It might be the worst advice for startups in tough times • TechCrunch

Economic crisis The past two years have forced startups to look for new survival strategies. Startups today generally fall into two camps: the few who can afford to continue business as usual because they have a strong market position and strong financial base, and the majority are forced to adapt to ever-changing conditions.

Among the latter there are two types:

  1. Those who are in bad shape.
  2. But those who ascend can easily fall.

The venture capital market isn’t about constant growth, and when a startup is driven by profit over demand, the whole point of its existence is moot.

In these tumultuous times, only a miracle can help the first kind succeed. The second type, however, has a chance not only to survive, but to thrive. This makes it critical for them to make the right strategic decisions now.

At this critical juncture, the opinion of venture capital market leaders, advisors and experts carries a lot of weight and many founders publicly and unequivocally advise to extend the runway of their project and push it into the black. A large number of companies have embraced this idea with enthusiasm, but the sad truth is, this is probably the worst advice for most startups right now.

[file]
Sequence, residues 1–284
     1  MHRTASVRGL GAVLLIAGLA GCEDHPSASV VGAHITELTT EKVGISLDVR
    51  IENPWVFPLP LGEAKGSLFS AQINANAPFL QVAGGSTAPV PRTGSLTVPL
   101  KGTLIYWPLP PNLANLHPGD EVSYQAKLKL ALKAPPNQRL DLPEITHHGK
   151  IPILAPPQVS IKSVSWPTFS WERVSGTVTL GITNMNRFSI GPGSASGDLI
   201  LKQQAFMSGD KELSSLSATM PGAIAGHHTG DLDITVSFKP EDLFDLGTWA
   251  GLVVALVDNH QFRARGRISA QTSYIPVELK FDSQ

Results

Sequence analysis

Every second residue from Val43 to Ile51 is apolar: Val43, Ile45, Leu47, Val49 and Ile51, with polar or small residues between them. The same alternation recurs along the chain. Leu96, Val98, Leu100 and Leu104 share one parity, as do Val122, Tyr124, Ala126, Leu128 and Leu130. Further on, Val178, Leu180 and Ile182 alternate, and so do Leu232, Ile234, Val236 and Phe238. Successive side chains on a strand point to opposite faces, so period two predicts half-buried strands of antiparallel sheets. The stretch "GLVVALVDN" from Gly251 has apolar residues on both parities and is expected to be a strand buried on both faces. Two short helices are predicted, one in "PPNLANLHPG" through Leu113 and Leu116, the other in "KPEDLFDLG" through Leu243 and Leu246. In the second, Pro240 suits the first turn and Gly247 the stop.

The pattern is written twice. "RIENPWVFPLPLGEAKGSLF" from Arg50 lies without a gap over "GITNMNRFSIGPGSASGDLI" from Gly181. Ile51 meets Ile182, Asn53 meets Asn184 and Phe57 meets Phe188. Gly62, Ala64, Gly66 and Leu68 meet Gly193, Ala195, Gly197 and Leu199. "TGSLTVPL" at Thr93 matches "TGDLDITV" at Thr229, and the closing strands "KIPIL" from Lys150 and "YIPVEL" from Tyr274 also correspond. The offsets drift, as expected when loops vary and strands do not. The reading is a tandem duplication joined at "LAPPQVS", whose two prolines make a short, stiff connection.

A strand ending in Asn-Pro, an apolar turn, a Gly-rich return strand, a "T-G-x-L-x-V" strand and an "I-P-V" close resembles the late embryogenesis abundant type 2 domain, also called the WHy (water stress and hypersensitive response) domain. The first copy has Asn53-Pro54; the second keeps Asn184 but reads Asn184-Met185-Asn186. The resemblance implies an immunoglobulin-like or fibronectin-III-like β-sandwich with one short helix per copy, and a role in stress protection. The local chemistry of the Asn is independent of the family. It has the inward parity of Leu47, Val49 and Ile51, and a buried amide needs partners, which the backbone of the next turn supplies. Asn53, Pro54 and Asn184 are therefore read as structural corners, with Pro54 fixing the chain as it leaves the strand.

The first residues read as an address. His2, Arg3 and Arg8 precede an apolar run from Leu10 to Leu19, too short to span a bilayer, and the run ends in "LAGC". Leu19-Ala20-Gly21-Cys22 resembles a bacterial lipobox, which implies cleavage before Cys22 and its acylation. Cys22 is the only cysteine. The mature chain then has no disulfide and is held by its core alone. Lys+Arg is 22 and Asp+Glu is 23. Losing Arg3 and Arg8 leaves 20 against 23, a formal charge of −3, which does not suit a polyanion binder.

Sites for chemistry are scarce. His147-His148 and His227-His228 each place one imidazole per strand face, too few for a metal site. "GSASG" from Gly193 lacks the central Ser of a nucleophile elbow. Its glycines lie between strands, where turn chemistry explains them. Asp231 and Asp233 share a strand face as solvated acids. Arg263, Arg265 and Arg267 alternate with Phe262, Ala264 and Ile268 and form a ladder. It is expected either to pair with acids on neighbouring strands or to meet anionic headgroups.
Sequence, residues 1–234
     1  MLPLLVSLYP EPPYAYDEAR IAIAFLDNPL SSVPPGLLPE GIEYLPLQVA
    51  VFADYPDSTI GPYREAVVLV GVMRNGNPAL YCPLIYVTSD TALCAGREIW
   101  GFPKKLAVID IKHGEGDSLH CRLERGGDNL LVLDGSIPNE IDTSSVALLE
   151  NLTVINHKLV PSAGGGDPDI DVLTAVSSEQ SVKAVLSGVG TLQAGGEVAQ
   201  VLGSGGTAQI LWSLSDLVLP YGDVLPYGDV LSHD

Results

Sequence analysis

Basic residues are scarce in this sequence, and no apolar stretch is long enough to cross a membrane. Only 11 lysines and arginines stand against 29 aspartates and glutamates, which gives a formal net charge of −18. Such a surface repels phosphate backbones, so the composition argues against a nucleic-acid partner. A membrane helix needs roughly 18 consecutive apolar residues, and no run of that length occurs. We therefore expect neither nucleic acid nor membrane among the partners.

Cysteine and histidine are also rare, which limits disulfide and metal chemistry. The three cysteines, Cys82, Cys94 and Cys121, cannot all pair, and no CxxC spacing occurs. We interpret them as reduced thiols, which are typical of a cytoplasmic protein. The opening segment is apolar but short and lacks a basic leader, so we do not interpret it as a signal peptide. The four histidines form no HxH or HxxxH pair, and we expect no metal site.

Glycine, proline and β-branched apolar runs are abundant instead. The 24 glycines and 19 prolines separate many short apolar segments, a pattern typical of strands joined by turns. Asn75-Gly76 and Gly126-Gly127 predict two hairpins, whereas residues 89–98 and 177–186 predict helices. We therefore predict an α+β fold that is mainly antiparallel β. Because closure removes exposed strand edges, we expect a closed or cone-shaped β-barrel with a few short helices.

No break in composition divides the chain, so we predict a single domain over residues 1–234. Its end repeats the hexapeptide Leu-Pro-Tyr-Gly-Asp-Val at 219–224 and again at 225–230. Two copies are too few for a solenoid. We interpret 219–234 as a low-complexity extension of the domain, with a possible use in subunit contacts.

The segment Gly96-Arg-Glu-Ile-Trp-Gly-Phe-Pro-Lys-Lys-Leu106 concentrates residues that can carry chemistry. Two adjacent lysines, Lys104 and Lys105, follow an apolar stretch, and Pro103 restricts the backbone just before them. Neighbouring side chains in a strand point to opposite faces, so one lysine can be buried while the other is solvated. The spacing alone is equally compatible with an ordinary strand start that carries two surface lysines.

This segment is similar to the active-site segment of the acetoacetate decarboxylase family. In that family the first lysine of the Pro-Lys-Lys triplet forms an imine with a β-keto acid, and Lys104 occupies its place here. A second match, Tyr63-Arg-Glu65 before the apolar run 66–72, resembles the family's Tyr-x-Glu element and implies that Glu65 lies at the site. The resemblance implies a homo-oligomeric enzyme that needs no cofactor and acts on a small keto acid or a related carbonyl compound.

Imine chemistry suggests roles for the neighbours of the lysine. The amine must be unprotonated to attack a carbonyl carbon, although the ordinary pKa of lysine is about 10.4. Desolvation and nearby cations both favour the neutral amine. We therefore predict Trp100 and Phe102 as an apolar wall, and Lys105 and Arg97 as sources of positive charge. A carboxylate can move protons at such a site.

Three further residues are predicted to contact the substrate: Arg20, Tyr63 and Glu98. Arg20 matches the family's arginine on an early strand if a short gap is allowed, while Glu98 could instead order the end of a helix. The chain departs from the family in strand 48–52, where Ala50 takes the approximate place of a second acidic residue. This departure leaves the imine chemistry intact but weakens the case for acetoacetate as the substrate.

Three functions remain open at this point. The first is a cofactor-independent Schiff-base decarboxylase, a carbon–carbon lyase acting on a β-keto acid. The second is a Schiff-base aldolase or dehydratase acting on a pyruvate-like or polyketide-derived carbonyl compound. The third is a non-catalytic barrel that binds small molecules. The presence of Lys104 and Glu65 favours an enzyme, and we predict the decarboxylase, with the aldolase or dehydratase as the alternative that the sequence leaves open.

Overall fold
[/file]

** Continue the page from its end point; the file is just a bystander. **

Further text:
One of the most interesting companies in our portfolio has fallen victim to this advice. A mentor advised the founder to extend their flight as long as possible. We looked at how they could have achieved this and found that the proposed cost-cutting measures had undermined growth. At that time, the project would not be of interest to anyone. why?

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